Defense Lawyer: Could you tell the court and the jury what your husband's occupation was?
Wife: He was a burglar.
This supported the defense's contention of criminal intent, and secured acquittal for the police-
man.
If only the wife had been slightly more familiar with the conventions of the courtroom
examination, the task of the defence lawyer would not have become that easy.
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Vijay K. Bhatia 364
Another example of the use of insider information to get access to information can be
illustrated by the following headline from an advertisement for `The Schroder Singapore
Trust,' which reads,
The Schroder Singapore Trust Has Grown Over 60% In 3 Years
The information being given here can be extremely misleading, except to those who are
well aware of the discursive practices of the professional community of financial managers.
Anybody trying to make sense of this statement should know that this 60 percent growth in
three years on its face value could be misleading, to say the least. Although it carries the
usual statutory disclaimer in the form of a note in small print saying, `Past performance is
not necessarily a guide to future performance, the price of units may fall as well as rise and
cannot be guaranteed,' a lay person might still be led to think that his investment will
probably get him close to a 60 percent return. The fact, on the other hand, could be that
the unit value might have declined by 100 percent in the last one year or so, and may still be
showing the downward trend at the time of the advertisement. There could be several other
possible scenarios which will be accessible only to those with the inside knowledge of the
way these genres function rather than to outsiders.
Maintaining solidarity within a professional community
One of the most noticeable characteristics of any professional or academic discourse
community is the availability and typical use of a range of appropriate genres, which their
members think serve the goals of their community. The recurrent use of such discoursal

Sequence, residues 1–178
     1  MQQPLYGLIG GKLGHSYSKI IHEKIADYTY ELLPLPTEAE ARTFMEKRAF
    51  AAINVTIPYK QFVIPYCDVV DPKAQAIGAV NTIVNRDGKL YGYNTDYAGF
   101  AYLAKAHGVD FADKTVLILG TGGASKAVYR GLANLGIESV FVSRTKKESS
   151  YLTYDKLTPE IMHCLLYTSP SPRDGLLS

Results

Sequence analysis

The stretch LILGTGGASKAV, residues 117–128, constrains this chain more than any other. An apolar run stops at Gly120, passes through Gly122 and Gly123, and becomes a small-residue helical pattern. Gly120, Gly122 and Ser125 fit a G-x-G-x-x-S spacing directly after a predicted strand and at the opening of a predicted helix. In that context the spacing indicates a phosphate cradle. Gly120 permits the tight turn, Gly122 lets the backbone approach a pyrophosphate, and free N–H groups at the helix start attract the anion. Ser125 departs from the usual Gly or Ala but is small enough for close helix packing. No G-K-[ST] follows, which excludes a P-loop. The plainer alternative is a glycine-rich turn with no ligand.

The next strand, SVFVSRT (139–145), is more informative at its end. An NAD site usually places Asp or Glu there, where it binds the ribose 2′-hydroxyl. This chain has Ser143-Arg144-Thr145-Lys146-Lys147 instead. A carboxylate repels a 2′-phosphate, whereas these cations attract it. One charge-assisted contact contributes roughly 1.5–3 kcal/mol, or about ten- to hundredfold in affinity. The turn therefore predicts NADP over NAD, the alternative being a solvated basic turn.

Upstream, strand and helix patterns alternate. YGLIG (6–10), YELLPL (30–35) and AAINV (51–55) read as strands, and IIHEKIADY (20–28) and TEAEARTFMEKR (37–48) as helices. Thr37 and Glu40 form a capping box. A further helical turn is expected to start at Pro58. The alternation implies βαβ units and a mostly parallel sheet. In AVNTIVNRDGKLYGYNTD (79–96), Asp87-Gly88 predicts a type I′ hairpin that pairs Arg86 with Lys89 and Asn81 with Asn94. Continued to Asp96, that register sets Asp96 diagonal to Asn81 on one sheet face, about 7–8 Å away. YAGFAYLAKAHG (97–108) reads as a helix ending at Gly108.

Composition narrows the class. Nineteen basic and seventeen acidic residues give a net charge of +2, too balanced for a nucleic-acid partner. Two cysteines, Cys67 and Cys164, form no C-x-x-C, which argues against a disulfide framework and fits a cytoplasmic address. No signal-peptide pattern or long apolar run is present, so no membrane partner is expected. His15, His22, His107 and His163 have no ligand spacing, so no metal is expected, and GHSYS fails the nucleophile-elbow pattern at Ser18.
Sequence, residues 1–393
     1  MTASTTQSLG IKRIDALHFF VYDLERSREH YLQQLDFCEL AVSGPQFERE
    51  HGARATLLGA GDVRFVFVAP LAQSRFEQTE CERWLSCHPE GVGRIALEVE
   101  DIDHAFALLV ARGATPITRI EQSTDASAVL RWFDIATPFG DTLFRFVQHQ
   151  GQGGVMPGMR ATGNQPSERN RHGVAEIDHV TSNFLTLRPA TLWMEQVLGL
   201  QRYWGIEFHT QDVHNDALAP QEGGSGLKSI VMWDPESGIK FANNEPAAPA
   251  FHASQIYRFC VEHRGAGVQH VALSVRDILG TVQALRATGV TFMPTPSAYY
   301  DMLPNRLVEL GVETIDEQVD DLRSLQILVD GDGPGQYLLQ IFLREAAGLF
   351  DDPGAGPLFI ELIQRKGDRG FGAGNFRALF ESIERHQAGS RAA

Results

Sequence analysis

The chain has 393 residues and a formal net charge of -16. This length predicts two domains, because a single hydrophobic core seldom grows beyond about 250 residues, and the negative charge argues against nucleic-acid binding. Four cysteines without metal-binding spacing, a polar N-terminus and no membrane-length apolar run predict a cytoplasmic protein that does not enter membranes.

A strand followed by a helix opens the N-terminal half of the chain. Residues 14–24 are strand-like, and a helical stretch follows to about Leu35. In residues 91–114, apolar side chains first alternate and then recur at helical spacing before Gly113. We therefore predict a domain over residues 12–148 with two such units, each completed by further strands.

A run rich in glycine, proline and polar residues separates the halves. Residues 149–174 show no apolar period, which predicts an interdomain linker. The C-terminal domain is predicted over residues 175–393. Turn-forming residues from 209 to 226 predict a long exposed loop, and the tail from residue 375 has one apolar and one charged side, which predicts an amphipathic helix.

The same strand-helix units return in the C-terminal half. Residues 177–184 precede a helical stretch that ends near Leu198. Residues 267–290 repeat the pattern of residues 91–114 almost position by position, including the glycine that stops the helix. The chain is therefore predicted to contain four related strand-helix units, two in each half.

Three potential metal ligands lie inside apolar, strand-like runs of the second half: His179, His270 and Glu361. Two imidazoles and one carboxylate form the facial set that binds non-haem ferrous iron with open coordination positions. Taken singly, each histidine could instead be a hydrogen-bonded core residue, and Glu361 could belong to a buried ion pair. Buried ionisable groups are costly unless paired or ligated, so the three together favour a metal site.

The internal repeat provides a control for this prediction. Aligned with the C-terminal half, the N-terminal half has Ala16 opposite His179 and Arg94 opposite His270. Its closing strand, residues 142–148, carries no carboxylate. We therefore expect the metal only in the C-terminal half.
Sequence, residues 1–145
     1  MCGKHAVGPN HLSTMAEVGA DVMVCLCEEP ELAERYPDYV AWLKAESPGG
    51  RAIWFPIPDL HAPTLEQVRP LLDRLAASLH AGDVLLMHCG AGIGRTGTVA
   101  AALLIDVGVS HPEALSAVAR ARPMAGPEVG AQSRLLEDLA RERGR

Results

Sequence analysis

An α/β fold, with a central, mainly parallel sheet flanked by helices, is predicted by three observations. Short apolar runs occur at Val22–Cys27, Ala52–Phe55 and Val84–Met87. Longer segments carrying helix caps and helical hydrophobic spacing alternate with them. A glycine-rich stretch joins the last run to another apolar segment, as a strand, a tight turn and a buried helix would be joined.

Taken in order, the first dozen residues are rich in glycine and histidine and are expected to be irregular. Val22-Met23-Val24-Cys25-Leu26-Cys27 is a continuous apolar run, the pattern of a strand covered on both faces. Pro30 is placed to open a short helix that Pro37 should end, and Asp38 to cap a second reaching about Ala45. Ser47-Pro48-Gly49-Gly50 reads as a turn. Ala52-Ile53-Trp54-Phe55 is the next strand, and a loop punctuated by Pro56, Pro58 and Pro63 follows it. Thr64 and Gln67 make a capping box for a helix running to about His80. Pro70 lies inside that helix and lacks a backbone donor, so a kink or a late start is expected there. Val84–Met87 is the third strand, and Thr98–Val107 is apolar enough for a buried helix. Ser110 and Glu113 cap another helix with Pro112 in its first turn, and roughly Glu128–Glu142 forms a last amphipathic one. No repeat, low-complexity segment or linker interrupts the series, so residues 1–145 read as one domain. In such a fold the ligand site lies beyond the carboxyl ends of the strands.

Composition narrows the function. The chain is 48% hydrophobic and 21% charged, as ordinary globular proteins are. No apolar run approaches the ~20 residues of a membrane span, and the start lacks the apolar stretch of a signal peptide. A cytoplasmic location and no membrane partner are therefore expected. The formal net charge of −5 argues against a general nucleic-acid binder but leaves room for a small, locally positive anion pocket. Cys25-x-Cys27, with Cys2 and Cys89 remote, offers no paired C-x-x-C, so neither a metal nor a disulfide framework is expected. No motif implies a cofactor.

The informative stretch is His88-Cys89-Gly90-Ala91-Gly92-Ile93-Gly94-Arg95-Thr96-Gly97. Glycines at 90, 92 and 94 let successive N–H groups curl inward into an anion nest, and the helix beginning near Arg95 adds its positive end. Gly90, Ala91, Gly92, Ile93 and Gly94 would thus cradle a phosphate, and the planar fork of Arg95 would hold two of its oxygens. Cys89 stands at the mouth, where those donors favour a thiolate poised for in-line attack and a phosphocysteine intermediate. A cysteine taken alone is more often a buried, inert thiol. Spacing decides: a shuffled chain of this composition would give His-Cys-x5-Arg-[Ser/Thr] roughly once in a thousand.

forms create solidarity within its membership giving them their most powerful weapon to
keep the outsiders at a safe distance. Hudson (1979: 1) rightly claims,
If one wished to kill a profession, to remove its cohesion and its strength, the most effective way
would be to forbid the use of its characteristic language.
In this context, it is hardly surprising that most of the attempts by the powerful reformist
lobbies in many Western democracies to introduce plain English in legislative contexts are
seen as imposition from outside and have been firmly rejected by the professional legal
community.
The main purpose of legislation, as Bhatia (1993) points out, is to govern the behaviour
of individuals and institutions in society through the use of rules and regulations. In order
to keep control firmly in the hands of the legislature rather than the judiciary in a
parliamentary democracy, statutory acts are written not only clearly, precisely and
unambiguously but all-inclusively too. This rigour and adequate specification of scope
in legislation helps the legislature to control a totally subjective and idiosyncratic
interpretation of the statute book.
All attempts to reform legislative language, including those by the plain English
campaign (see Thomas, 1985; Eagleson, 1988; Kelly, 1988), have to a large extent met
with very limited success, for the simple reason that they are seen as a transgression of the
generic integrity of the whole tradition in the legislative process. Although the plain
English movement has been quite effective in influencing the redrafting of general
commercial and administrative documents, including insurance policies, residential
leases, tax return forms, social benefit claim forms and other papers for better accessibility
and usability by a larger section of society, when it comes to legislative provisions, it has
not been able to soften the attitude of the parliamentary draftsmen significantly in many of
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The power and politics of genre 365
the Commonwealth countries. The other argument for the preservation of these generic